# Recursive Function Curry With JavaScript

As a disclaimer, recursive function calls in JavaScript are not particularly efficient, and you can easily exhaust the call stack.  If you are using Node.js, the default call stack size is only 984 kilobytes.  Of course, there are ways to increase the call stack size with Node.js.  These methods are hidden behind feature flags such `--stack-size`, which increases the memory allocation, and `--harmony`, which implements tail call optimization.  However, flagged features are not recommended for production.

You may be wondering why you should consider using recursion at all.  Frankly, recursive algorithms are easier to read and understand.  Recursion requires us to trade computation efficiency for human intelligibility.  Dang!

That said, the trade is fair.  To quote Donald Knuth, “premature optimization is the root of all evil.”  Code is written for computers, but it is maintained by humans (for now, at least).  Why should we sacrifice readability for performance unless we need to?

The real problem is that programmers have spent far too much time worrying about efficiency in the wrong places and at the wrong times; premature optimization is the root of all evil (or at least most of it) in programming.

Donald Knuth – Computer Programming as an Art (1974)

The good news is that a recursive algorithm can always be replaced with an iterative loop algorithm.  This means that we can start with a recursive, and replace it with an iterative loop later if we find that our recursive is not feasible for the problem we are solving.  With this lengthy disclaimer behind us, let’s take a look at how recursives can make a complicated problem easy to comprehend.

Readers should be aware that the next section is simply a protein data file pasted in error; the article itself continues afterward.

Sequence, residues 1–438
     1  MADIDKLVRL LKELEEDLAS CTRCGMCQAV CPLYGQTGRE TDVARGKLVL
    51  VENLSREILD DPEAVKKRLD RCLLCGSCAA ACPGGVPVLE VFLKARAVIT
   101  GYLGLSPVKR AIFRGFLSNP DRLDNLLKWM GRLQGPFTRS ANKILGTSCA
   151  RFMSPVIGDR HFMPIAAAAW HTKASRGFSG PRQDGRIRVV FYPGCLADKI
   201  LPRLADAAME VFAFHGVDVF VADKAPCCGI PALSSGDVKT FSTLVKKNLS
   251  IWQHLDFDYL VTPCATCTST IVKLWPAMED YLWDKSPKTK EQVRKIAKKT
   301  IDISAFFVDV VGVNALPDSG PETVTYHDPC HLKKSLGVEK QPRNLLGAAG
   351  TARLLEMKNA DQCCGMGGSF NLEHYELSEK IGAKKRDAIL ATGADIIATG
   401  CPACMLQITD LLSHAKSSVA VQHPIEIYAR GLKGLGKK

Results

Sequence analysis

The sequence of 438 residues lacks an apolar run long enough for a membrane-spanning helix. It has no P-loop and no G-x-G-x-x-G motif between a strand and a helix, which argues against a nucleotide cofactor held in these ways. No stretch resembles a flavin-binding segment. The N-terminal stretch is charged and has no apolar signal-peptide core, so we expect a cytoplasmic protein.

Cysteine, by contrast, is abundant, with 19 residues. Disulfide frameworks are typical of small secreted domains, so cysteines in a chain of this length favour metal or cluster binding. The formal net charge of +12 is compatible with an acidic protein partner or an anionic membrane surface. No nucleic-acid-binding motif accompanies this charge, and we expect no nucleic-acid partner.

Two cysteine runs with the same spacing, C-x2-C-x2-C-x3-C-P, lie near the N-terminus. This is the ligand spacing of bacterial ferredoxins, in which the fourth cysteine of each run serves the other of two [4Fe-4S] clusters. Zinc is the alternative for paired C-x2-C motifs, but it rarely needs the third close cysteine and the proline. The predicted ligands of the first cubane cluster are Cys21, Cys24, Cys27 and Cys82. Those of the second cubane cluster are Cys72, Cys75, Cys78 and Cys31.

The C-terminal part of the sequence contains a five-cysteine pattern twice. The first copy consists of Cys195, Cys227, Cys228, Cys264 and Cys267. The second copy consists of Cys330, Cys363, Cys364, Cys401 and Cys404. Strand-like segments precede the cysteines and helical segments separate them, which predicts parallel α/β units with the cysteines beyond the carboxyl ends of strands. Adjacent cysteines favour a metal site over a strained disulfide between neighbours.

Using a contrived hello world example, here is how we can print “Hello world!” to the console N number of times using an iterative algorithm.

```let n = 5
let i
for (i = 0; i < n; i++) {
console.log('Hello world!')
}```

If you are familiar with loop structures, there is no doubt in your mind what this code does.  It will print “Hello world!” to the console five times.  Loops seems to be a part of every introduction to programming text.  If they were not, a snippet of code like this would not be very meaningful.  The for loop structure takes three seemingly non-congruent concepts (i is zero, i is less than n, and i++) and turns them into an action that repeats N number of times.

On the flip side, a recursive algorithm is simply an algorithm that calls itself until a condition is met.

```let recursiveHello = (n) => {
if (n <= 1) {
return
}
console.log('Hello Word!')
recursiveHello(n - 1)
}```

Though trivial, the code above is easy to reason with.  The function takes n.  If n is less than or equal to one, the function returns.  Otherwise, it prints “Hello World!” and then calls itself, subtracting one from n.  Unlike the iterative example, the recursive solution defines it’s own implementation.  We don’t need to know in advance how a loop works.

Let’s say that we didn’t just need to print “Hello world!” N times.  Assume that we need to repeat a given function N times.  An iterative solution might look something like what is shown below.